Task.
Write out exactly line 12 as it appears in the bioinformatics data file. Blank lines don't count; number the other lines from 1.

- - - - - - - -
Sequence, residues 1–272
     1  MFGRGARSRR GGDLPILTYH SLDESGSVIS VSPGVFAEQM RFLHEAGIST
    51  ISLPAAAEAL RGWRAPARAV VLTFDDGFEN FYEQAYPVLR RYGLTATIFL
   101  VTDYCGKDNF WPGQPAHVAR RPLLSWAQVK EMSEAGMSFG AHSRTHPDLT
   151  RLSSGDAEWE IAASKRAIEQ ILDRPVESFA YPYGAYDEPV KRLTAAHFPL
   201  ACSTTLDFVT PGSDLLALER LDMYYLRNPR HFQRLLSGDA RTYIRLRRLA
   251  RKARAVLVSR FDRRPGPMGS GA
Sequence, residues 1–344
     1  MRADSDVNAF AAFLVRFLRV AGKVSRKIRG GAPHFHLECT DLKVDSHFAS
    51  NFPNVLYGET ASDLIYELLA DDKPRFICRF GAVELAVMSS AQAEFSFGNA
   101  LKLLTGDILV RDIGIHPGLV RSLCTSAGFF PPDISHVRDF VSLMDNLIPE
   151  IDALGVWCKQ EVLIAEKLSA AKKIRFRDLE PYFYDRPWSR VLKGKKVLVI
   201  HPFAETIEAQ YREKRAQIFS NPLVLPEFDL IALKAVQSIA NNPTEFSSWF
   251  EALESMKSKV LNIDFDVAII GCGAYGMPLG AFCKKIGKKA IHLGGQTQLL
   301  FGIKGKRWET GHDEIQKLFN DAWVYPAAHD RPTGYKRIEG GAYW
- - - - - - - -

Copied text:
   151  IDALGVWCKQ EVLIAEKLSA AKKIRFRDLE PYFYDRPWSR VLKGKKVLVI